The North Texas Microwave Society (NTMS) will host the 14th International EME Conference in Dallas, Texas on August 12-14. This is the first time the conference has been held in the US since 2004. Whether you are an experienced EMEer or new to EME, the conference will offer a wide range of technical, social and sight-seeing activities. Gerald Youngblood, K5SDR, President and Chief Executive Officer of FlexRadio, will be the lunchtime speaker on Friday, August 13; Nobel laureate Joe Taylor, K1JT, will speak about April's 432 MHz EME event at Arecibo on Saturday, August 14. Presentations will include a noise figure workshop hosted by Al Ward, W5LUA, Tommy Henderson, WD5AGO, and Tony Emanuele, WA8RJF, as well as an EME demonstration by Paul Perryman, WA5WCP, and exhibits featuring a number of dealers. The event will also feature tours for both attendees and their spouses to various historic sites around the Dallas/Fort Worth area. Organizers are still soliciting people to speak or submit articles for the conference's Technical Proceedings. If interested, please contact Barry Malowanchuk, VE4MA, via e-mail. A block of rooms has been reserved at the Westin Hotel, a short shuttle ride from DFW Airport; rooms must be reserved by July 12 to take advantage of special rates.

+ International Perspective: 2010 IARU Eyeball QSO Contest Results

At the 2010 Dayton Hamvention®, the International Amateur Radio Union (IARU) and the ARRL sponsored a game that involved searching for hams visiting from outside the USA. According to ARRL Membership and Volunteer Programs Manager Dave Patton, NN1N, the idea was to obtain calls and names from as many different DXCC entities (from outside the USA) as possible by making "eyeball QSOs" during the Hamvention.

"No one knew exactly what to expect," Patton said, "as there hadn't been a formal list of attendees from outside the USA in the recent past. But amazingly, there were at least 138 hams from 48 DXCC entities -- not including all the DXpeditioners who signed with their DXpedition calls -- appearing on the eyeball QSO cards that were turned in to IARU officials at the end of the event to the IARU staff." As for the winners, Patton said that "everyone was a winner through the interaction with all the international guests, and the Top 10 will receive gift certificates from the ARRL."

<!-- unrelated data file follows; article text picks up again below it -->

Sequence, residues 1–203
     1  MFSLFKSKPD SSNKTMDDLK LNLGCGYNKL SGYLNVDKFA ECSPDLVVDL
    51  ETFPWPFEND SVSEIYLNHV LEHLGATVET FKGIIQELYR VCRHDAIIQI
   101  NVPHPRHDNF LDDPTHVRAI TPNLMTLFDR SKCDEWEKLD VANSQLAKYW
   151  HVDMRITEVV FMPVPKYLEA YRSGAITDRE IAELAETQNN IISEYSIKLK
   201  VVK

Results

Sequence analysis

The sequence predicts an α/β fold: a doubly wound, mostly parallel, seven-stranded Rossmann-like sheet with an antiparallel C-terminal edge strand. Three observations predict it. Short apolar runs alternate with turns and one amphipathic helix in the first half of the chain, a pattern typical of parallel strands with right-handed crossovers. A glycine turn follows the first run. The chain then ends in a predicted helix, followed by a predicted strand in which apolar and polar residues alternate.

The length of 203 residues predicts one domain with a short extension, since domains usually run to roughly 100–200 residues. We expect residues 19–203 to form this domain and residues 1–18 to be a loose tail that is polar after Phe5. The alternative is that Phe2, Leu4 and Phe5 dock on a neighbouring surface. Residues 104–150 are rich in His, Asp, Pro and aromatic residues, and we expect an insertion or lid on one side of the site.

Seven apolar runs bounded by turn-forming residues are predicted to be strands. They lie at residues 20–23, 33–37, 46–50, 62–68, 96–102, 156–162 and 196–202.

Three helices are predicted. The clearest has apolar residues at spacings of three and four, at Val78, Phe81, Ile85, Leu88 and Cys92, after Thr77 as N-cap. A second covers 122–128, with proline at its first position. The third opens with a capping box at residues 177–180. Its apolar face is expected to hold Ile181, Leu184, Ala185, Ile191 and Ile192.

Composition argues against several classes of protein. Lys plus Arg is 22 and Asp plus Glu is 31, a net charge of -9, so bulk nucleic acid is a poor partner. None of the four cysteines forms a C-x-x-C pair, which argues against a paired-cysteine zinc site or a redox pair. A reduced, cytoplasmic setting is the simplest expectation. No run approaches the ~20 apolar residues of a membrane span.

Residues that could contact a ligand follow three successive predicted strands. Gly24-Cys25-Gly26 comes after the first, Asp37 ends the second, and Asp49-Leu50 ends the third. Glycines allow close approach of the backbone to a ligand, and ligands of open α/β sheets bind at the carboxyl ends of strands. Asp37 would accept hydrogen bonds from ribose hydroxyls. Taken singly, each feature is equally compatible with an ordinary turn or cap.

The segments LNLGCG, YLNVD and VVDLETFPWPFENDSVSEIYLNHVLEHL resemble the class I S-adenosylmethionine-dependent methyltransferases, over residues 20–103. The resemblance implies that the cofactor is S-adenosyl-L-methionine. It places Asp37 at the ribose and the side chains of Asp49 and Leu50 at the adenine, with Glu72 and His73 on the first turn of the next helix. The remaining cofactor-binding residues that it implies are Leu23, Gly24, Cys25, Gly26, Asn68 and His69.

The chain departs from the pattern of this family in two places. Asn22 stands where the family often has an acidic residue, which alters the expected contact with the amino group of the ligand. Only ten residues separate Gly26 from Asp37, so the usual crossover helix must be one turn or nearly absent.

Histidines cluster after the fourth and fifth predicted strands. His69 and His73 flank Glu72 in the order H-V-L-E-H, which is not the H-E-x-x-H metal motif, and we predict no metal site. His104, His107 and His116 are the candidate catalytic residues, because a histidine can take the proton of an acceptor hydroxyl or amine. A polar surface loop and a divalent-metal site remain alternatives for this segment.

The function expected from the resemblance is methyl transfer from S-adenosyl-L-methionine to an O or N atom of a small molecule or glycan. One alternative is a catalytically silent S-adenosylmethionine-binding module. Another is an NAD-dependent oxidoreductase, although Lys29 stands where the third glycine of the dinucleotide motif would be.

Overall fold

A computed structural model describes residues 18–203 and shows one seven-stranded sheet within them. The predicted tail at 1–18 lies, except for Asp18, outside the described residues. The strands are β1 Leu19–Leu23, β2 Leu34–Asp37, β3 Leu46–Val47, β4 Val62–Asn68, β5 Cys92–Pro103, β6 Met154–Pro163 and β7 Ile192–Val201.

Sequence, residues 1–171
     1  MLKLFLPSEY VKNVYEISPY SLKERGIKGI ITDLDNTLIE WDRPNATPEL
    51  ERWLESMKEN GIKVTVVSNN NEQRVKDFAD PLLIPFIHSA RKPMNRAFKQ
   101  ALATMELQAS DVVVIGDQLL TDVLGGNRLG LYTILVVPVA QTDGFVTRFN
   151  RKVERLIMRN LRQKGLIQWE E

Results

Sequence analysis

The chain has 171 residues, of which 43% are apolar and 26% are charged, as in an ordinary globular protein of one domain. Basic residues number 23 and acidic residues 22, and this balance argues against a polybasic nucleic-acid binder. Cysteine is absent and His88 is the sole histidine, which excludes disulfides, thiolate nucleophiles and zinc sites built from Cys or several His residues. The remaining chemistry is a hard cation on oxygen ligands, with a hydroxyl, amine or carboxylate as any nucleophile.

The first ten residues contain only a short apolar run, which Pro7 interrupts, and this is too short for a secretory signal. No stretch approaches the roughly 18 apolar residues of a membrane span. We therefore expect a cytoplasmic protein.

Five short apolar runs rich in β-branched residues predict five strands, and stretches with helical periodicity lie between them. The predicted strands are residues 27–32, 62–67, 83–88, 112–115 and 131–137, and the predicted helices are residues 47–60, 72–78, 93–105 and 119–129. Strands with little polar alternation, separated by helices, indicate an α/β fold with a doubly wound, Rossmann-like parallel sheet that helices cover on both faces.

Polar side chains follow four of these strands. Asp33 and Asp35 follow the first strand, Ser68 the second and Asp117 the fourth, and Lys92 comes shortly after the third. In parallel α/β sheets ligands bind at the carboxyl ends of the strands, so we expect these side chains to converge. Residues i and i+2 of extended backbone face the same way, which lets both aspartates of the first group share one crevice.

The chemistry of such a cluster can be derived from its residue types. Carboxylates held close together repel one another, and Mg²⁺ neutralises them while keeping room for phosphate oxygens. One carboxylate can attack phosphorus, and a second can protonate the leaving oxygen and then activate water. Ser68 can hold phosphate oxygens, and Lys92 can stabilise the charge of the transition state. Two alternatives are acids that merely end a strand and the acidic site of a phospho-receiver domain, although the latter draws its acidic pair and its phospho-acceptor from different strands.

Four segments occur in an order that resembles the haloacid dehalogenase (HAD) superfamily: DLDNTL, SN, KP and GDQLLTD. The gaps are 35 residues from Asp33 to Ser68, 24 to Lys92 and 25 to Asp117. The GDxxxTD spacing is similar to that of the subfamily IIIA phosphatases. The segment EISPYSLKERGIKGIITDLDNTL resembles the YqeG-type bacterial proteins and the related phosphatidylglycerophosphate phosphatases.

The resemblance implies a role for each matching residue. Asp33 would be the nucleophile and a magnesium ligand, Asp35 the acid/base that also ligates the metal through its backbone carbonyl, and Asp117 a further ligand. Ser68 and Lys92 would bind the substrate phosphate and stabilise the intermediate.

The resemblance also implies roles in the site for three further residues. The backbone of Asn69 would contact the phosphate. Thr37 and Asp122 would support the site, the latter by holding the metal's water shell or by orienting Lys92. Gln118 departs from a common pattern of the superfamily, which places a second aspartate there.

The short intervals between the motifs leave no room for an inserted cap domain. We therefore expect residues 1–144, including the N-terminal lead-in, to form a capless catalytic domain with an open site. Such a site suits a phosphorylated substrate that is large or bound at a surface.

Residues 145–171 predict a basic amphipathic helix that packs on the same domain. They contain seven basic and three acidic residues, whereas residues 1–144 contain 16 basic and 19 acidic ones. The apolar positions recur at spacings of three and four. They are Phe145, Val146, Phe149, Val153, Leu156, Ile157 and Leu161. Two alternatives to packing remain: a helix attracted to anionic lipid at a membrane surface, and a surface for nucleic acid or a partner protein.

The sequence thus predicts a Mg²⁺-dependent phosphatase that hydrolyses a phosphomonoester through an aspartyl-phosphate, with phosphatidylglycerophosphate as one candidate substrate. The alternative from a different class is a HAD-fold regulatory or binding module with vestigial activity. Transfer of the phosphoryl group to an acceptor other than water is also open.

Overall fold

The Top 10 winners -- including a tie for first place --were (with number of international "eyeball QSOs" following their call sign): Margreet Blondeel Timmerman, K2XYL (24); Frank Butler, W4RH (24); Lewis Ankerbrand, W3GHU (19); Steve Gocala, KB8VAO (18); Allen Olender, WA8IWK (14); Stan Arnett, AC8W (14); Judy Attaya-Harris, KB1SRO (12); Coy Day, N5OK (12); Preben Mailand Christensen, OZ1HHH (10); Ed Moyer, AB3AH (9), and Ken Lowry, W8ND (6). For a list of the 138 call signs representing almost 50 DXCC entities, click here.

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+ ARRL Recognizes: Mert Nellis, W0UFO, Wins May QST Cover Plaque Award

The winner of the QST Cover Plaque Award for May is Mert Nellis, W0UFO, for his article "Build an Ampere-Hour Meter for Portable Operations." Congratulations Mert! The winner of the QST Cover Plaque award -- given to the author or authors of the best article in each issue -- is determined by a vote of ARRL members on the QST Cover Plaque Poll Web Page. Cast a ballot for your favorite article in the June issue by Wednesday, June 30.

+ Solar Update

The Sun, as seen on Thursday, June 3, 2010 from NASA's SOHO Extreme Ultraviolet Imaging Telescope. This MDI (Michelson Doppler Imager) image was taken in the continuum near the Ni I 6768 Angstrom line. The most prominent features are the sunspots. This is very much how the Sun looks in the visible range of the spectrum.

Tad "Fear no more the heat o' the Sun," Cook, K7RA, reports: Sunspot group 1072 -- reported in last week's bulletin -- was visible for nine days, until May 28. When it disappeared on May 29, three new groups appeared: 1073, 1074 and 1075. On May 29-31, the sunspot number was 43, 40 and 39, but geomagnetic indices were high as well, with the planetary A index at 33 on May 29 and the planetary K index up to 5. On the same day, the college A index (Alaska) was 53, with the college K index as high as 7. So we have had some increased sunspot activity, but the downside for HF operators has been geomagnetic storms. Look for more information, including a rare 2 meter sporadic-E opening, on the ARRL Web site on Friday, June 4. For more information concerning radio propagation, visit the ARRL Technical Information Service Propagation page. This week's "Tad Cookism" brought to you by William Shakespeare's Cymbeline (Act IV, Scene 2).

This Week on the Radio

This week, the Ten-Ten International Open Season Contest and the Alabama QSO Party are June 5-6. The CWOps Mini-CWT Test is June 9-10. Next week, the ARRL June VHF QSO Party is June 12-14. Another running of the NCCC Sprint Ladder takes place June 11. On June 12, look for the BARTG Sprint, the Portugal Day Contest and the Bill Windle QSO Party. TheDRCG Long Distance Contest (RTTY) is June 12-13 and the SKCC Weekend Sprint is June 13. All dates, unless otherwise stated, are UTC. See the ARRL Contest Branch page, the ARRL Contest Update and the WA7BNM Contest Calendar for more info. Looking for a Special Event station? Be sure to check out the ARRL Special Event Station Web page.

ARRL Continuing Education Course Registration

Registration remains open through Sunday, June 20, 2010, for these online course sessions beginning on Friday, July 2, 2010: Amateur Radio Emergency Communications Level 1; Antenna Design and Construction; Propagation; Analog Electronics, and Digital Electronics. To learn more, visit the CEP Course Listing page or contact the Continuing Education Program Coordinator.